File No. 763.72119/405½
The Ambassador in Spain ( Willard ) to the Secretary of State
[Received January 27, 8.10 a.m.]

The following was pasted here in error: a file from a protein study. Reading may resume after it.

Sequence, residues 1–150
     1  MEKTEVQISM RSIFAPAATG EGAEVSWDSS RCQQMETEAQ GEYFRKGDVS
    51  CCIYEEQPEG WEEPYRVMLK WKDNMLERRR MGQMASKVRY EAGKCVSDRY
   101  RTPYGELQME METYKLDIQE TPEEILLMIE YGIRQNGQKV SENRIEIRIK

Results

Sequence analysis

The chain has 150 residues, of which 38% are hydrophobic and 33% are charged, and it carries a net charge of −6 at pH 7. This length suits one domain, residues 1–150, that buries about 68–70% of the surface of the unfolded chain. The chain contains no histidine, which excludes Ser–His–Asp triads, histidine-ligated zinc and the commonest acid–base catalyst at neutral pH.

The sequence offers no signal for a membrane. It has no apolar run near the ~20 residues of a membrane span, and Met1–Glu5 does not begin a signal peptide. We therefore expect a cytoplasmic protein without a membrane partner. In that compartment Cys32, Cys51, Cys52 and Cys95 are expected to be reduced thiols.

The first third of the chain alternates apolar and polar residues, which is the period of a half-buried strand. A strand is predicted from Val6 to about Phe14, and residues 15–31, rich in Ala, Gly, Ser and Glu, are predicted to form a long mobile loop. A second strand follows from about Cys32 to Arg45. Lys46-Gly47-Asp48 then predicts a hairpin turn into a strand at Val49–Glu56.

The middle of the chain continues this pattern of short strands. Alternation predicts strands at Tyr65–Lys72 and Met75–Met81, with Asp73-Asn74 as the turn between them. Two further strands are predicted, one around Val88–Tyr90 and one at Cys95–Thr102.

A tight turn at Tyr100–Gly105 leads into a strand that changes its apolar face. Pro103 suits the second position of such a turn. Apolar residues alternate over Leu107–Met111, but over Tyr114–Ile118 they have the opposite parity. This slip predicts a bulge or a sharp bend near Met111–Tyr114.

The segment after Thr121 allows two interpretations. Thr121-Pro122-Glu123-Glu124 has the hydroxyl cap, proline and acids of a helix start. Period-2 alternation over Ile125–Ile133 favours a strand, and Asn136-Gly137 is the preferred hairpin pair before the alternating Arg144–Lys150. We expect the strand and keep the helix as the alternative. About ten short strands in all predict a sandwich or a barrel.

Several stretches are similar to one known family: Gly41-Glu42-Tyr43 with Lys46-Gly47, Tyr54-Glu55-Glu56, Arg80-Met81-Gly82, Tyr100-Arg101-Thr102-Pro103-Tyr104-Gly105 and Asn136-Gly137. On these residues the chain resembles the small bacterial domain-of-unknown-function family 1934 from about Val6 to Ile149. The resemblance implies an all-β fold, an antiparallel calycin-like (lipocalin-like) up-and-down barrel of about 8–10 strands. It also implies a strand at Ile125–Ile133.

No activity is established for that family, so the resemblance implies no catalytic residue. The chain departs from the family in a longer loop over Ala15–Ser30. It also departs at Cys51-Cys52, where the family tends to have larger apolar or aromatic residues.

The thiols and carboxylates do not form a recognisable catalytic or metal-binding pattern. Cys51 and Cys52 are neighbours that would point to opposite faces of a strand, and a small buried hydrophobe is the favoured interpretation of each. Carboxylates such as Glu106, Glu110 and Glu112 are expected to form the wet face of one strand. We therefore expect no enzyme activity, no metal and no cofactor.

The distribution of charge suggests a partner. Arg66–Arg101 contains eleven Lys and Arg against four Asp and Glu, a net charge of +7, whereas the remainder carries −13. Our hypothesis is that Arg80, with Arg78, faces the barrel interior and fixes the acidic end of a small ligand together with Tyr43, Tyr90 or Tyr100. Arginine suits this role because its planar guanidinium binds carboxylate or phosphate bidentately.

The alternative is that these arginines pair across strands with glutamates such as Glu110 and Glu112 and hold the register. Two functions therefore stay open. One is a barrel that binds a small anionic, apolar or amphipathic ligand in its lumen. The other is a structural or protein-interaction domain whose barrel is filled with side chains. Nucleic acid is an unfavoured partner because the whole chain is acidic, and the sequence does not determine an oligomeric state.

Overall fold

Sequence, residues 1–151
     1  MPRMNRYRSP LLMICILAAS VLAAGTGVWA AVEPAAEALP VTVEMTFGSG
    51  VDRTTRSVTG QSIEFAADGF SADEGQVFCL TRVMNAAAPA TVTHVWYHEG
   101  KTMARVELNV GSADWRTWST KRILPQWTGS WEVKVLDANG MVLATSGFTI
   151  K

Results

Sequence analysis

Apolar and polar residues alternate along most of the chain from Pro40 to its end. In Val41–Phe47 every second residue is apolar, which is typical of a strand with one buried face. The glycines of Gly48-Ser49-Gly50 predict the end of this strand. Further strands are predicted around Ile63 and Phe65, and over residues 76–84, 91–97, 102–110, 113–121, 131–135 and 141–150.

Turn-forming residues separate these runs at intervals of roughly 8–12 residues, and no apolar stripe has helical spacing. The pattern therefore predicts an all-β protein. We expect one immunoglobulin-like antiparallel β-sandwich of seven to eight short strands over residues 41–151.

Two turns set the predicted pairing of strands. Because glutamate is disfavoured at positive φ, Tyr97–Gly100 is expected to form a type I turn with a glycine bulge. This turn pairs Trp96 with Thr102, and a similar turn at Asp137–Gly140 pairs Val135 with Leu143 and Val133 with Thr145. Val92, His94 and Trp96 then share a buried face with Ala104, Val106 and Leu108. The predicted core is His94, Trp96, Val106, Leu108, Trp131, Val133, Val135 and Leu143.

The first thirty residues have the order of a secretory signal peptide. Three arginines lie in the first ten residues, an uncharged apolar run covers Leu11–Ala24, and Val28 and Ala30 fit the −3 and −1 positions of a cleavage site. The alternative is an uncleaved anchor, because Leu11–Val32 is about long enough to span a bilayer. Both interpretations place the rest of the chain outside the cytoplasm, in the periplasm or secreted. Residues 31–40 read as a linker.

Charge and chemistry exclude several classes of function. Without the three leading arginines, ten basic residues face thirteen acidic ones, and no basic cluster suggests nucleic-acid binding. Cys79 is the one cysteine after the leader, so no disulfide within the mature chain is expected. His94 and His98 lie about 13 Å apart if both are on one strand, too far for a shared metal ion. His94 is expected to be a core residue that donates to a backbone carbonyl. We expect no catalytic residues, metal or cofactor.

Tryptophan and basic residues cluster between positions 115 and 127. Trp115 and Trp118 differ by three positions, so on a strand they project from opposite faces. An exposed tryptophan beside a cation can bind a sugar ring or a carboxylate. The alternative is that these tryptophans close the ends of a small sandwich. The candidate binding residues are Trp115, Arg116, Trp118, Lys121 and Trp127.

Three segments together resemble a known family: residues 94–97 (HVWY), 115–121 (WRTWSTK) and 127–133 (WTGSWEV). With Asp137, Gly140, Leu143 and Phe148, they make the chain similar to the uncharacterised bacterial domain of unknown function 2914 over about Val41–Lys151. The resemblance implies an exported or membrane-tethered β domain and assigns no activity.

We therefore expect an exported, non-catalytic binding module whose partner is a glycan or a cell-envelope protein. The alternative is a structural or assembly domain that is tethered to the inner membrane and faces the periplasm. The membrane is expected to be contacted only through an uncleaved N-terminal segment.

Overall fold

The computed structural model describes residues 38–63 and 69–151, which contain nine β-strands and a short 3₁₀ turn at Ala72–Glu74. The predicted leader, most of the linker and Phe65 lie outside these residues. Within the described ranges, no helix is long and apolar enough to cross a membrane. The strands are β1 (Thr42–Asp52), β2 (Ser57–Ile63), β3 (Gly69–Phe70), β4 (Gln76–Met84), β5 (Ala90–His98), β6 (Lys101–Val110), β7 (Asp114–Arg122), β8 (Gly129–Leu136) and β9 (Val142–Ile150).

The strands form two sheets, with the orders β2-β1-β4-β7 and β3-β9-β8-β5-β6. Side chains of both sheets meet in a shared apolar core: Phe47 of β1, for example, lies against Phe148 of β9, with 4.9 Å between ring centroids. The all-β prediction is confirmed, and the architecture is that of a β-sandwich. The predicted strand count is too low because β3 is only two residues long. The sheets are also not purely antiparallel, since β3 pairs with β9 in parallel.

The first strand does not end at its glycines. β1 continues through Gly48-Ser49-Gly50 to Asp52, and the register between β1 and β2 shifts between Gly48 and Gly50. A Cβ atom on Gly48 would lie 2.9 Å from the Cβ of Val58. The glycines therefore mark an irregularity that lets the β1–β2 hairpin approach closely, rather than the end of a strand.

318. For the President’s personal and immediate information: Called this morning on the Minister of State to pay respects on my return, accompanied by Counselor of Embassy. Minister introduced subject of President’s so-called peace note and address to Senate of January 22. He said that tone of Spain’s reply to note would have been different if it had been delivered to Spanish Government before delivery to belligerent nations, and especially if Spain had been previously consulted. This reply by no means intended to close door to future cooperation looking towards peace. On the contrary he expressed desire to cooperate with the United States. The Minister said that Spain looks upon herself and United States as leading neutrals, and that Spain occupies distinctly different position from any other European neutral, and that as such feels herself in a position to cooperate with the United States as no other neutral can. He also referred to exceptional position of the King of Spain among European rulers and his great personal influence. Minister stated with some emphasis that address to Senate had made excellent impression in Spain, much better than peace note. As the result of conference to-day and other information secured since my return, I am convinced, and Counselor of Embassy concurs, that the cordial cooperation of Spain looking to peace can be secured if the United States Government sees fit to confer with the Spanish Government through such channels as it may select, and in advance of any further public communication with belligerents or other neutrals. I am specially convinced that the Spanish Government feels that its position and position of its King justify a consideration on the part of [Page 31] the United States distinct from that accorded to any other neutral and that working on this basis its cordial cooperation can be relied upon.